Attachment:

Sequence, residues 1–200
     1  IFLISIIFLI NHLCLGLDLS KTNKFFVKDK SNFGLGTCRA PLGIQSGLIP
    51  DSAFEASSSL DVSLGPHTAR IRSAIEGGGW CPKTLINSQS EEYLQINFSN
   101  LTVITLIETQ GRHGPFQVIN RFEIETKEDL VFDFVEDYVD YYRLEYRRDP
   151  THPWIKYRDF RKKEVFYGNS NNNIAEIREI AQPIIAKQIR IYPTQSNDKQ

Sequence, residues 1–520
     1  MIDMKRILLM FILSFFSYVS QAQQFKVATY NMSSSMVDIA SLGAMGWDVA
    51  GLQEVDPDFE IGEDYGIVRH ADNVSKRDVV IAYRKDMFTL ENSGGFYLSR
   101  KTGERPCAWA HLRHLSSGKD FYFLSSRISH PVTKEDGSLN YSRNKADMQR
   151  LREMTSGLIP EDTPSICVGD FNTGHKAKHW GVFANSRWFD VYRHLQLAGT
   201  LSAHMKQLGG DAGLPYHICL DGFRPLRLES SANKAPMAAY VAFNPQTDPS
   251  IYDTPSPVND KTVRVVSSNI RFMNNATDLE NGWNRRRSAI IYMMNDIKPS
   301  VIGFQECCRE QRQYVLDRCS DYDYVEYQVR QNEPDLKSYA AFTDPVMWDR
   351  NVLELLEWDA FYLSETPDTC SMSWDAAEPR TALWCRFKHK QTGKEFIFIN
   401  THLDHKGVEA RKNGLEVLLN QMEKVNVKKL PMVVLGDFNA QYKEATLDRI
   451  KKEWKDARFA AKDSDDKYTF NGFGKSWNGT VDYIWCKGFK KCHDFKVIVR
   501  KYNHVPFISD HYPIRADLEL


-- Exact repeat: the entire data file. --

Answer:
Sequence, residues 1–200
     1  IFLISIIFLI NHLCLGLDLS KTNKFFVKDK SNFGLGTCRA PLGIQSGLIP
    51  DSAFEASSSL DVSLGPHTAR IRSAIEGGGW CPKTLINSQS EEYLQINFSN
   101  LTVITLIETQ GRHGPFQVIN RFEIETKEDL VFDFVEDYVD YYRLEYRRDP
   151  THPWIKYRDF RKKEVFYGNS NNNIAEIREI AQPIIAKQIR IYPTQSNDKQ

Sequence, residues 1–520
     1  MIDMKRILLM FILSFFSYVS QAQQFKVATY NMSSSMVDIA SLGAMGWDVA
    51  GLQEVDPDFE IGEDYGIVRH ADNVSKRDVV IAYRKDMFTL ENSGGFYLSR
   101  KTGERPCAWA HLRHLSSGKD FYFLSSRISH PVTKEDGSLN YSRNKADMQR
   151  LREMTSGLIP EDTPSICVGD FNTGHKAKHW GVFANSRWFD VYRHLQLAGT
   201  LSAHMKQLGG DAGLPYHICL DGFRPLRLES SANKAPMAAY VAFNPQTDPS
   251  IYDTPSPVND KTVRVVSSNI RFMNNATDLE NGWNRRRSAI IYMMNDIKPS
   301  VIGFQECCRE QRQYVLDRCS DYDYVEYQVR QNEPDLKSYA AFTDPVMWDR
   351  NVLELLEWDA FYLSETPDTC SMSWDAAEPR TALWCRFKHK QTGKEFIFIN
   401  THLDHKGVEA RKNGLEVLLN QMEKVNVKKL PMVVLGDFNA QYKEATLDRI
   451  KKEWKDARFA AKDSDDKYTF NGFGKSWNGT VDYIWCKGFK KCHDFKVIVR
   501  KYNHVPFISD HYPIRADLEL